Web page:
Comfort Inventory 10 😭

Shadowy paths near the Sycamore (is it?) between Henderson Hall and Squires Student Center, Blacksburg, Va. (37.229927, -80.416902).

Funny in a way not funny that the last in the series of comfort inventories was titled Discomfort Inventory and posted two years ago in April, a run-down of WTF holy-smokes how the heat then was a’rising. That playful inversion, comfort marked dis-, fuckered the numbering system so now it’s unclear whether this one is CI 9 or CI 10. Executive decision consulting with the EWM advisory board: I’m going with CI 10, so let the footnotes resolve that Discomfort Inventory Unnumbered also was counted. 

  • Owing to an upcoming WPA hiatus (or, more technically true, indefinite but careful and non-harmful evacuation of the role) I am at the end of June transitioning to the first email-unencumbered and otherwise work-appointment-free summer months in more than 14 years, the last ten of which were lurched along with one foot snagged in that bottomless and unpredictable quicksand of administrative responsibilities, late July surprises, and then some. Feels like something…different. Notably I would’ve thrown a handful of confetti for myself on-around May 12, but I was told I must oblige an unwritten rule that pins switch-over date on The Calendar at and only at June 30. Pope Gregory sighed in relief. 
  • Is it possible at the age of 48 to have (meaning host) new feelings, or feelings unfelt before? If so, I have and am in that standing aside from writing program administration has elicited the faintest of mixes. Not bitter+sweet only, though that’s a familiar sentiment and not entirely distinct from this particular structure of feeling. Easier to name, the bittersweet. We have the word for this paradox. Oh, your feelings are crossed up? But right now, these work-facing feelings are curiously small, faint, light, but also complexly mixed and parts wow-wonderful with parts whoa-startling—sort of like at the froyo bar where the eager but ascetic everything-topper only takes the smallest unit possible: a shred of coconut, a violet petal, a fragment of toffee bar, a speck of syrup-soaked strawberry, one boba tapioca, a sprinklet, sugar granule, a raisin if you must. Don’t overdo it. Let me not get too too too lost in these feelings.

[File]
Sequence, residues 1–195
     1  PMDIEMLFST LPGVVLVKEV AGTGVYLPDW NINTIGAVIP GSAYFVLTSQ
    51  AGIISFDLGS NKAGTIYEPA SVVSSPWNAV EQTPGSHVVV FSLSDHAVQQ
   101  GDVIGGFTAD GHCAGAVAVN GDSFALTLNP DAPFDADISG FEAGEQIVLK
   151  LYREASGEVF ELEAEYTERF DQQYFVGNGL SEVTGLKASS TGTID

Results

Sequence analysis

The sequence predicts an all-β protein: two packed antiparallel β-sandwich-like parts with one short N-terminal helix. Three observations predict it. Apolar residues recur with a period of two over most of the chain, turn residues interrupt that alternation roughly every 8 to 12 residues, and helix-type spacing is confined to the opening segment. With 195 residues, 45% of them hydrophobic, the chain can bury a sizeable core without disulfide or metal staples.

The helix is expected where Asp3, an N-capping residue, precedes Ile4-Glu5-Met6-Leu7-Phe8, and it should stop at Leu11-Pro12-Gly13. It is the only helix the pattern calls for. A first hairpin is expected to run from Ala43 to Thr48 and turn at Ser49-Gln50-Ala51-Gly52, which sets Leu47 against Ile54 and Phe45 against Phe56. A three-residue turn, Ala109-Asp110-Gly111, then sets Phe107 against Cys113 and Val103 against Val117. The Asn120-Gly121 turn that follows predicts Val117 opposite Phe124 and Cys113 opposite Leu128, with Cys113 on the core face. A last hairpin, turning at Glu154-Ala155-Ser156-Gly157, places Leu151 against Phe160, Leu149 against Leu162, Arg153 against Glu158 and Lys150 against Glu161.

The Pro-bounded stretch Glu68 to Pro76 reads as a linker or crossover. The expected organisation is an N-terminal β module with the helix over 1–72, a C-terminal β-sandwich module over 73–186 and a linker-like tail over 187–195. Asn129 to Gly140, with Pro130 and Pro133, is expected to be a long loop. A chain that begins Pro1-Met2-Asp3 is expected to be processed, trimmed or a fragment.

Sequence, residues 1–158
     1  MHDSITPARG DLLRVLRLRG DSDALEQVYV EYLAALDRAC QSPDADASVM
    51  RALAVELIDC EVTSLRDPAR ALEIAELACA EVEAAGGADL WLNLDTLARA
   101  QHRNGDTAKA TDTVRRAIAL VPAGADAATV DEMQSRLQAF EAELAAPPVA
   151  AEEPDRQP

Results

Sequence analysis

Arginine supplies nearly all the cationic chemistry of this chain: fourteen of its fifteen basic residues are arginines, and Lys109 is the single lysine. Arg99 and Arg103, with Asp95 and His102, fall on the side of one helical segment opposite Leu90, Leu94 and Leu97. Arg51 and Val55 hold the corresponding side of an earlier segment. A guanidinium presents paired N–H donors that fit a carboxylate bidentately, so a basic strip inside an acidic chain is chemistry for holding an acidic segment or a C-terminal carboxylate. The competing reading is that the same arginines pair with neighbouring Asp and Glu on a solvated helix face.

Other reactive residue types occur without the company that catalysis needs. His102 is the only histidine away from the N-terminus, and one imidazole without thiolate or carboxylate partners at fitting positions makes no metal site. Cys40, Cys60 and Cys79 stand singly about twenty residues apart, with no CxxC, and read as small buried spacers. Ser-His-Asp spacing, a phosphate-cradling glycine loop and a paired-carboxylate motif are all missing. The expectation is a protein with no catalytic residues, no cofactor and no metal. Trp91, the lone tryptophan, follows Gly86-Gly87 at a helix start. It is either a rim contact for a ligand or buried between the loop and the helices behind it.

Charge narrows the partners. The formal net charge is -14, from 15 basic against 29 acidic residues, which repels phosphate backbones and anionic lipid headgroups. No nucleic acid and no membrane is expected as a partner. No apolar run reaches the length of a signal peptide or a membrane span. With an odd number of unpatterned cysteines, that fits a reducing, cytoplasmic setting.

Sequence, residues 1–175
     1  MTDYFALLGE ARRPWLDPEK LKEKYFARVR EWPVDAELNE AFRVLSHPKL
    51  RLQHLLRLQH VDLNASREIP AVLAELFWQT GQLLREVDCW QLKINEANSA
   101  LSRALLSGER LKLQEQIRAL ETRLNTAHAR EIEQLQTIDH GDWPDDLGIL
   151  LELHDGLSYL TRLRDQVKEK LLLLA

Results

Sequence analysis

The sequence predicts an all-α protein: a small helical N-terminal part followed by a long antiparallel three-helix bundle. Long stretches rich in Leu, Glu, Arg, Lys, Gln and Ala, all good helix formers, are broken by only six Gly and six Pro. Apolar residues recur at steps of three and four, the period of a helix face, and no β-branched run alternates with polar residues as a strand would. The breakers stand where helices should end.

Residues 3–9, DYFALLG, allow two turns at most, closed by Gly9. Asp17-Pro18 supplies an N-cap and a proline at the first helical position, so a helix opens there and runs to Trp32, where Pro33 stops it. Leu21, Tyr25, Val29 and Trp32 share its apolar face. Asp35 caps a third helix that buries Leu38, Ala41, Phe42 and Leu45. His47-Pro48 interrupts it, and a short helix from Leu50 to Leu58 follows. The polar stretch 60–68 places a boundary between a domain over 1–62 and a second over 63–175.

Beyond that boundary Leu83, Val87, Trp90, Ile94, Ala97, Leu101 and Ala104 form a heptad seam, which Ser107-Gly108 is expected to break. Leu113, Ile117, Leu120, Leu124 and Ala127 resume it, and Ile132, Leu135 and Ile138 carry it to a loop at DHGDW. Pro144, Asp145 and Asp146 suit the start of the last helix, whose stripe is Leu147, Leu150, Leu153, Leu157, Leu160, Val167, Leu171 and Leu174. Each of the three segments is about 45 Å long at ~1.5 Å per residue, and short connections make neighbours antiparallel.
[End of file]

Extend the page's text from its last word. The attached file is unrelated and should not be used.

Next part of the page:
• But then again I did order a chicken coop today to make better on a commitment to a different kind of holler life here in SW Virginia. I have the good fortune of working with a few chicken enthusiasts who are sharing with me and A. every possible angle to consider, from the hazards of automatic door closers (remember that Jim Johnson article?!; it’s sort of like that one fused with this one) to the predator barriers, to the problems and opportunities with chicken trucks/mobile coops, and so on. Get the heated water vessel, I’ve learned. Expect rodents to nosh the feed off-shed, I’m told. Park them under a canopy tree in the hottest heats of summertime. And so on.
  • We’ll start with six chickens. 🐔🐔🐔🐔🐔🐔
  • I received a Red Bubble take down notice the other day because the “rights holder” complained about one of my illustrations, from the Pandemic Bestiary, #18 Write (turkey hunched at a keyboard). The takedown notice, according to Red Bubble, was initiated by Virginia Tech. I contested it, of course, because I happen to have the Procreate file, which can play back the production process, and it includes the stroke count (1,082) and the time I spent on that drawing (3 hours, 13 minutes). I suppose it must be some sort of lax image-matching AI running interference on this sort of thing, and it turns out that it can be difficult to convince an AI that you are human, or that you, as a human, made something that to the AI’s still sort of iffy matching operations presumes your “original work” to belong to someone else. So it’s not possible for now to purchase a Pandemic Bestiary #18 Write sticker for under two dollars at Red Bubble. World turns. Loss of side-hustle counter-claim pending for .35 USD. Maybe I’ll follow-up on this, continue to chronicle the very low-level hijinks. Or maybe right along with that drawing everything pleasingly digressive and light-hearted and playful will be disappeared. Fun while it lasted!
  • For Monday’s Food Writing class we’re leafing the last of the semester’s readings, one from Savor, on apple eating, and another from A Pebble for Your Pocket, “Eating an Orange.” We’ll have apples and oranges. Write a 90. And maybe I’ll go one step farther, time allowing, with “Four Mantras,” because the opening line is in itself a simple—perhaps the simplest—theory of rhetoric: “A mantra is a magic formula. Every time you pronounce a mantra, you can transform a situation right away; you don’t have to wait” (111). 
  • In January, on a phone call (following an email exchange) with longtime mentor LWP, I mentioned this line about mantras. She reminded me that the most reliable mantra she’d been advised to recite as an administrator came from one of her mentors: Be kind. Be fair. Be brave. Even as my WPAing decade winds down, perhaps this one can continue to transform situations. Teaching preparation situations. Absurd takedown notice situations. Chicken tending situations.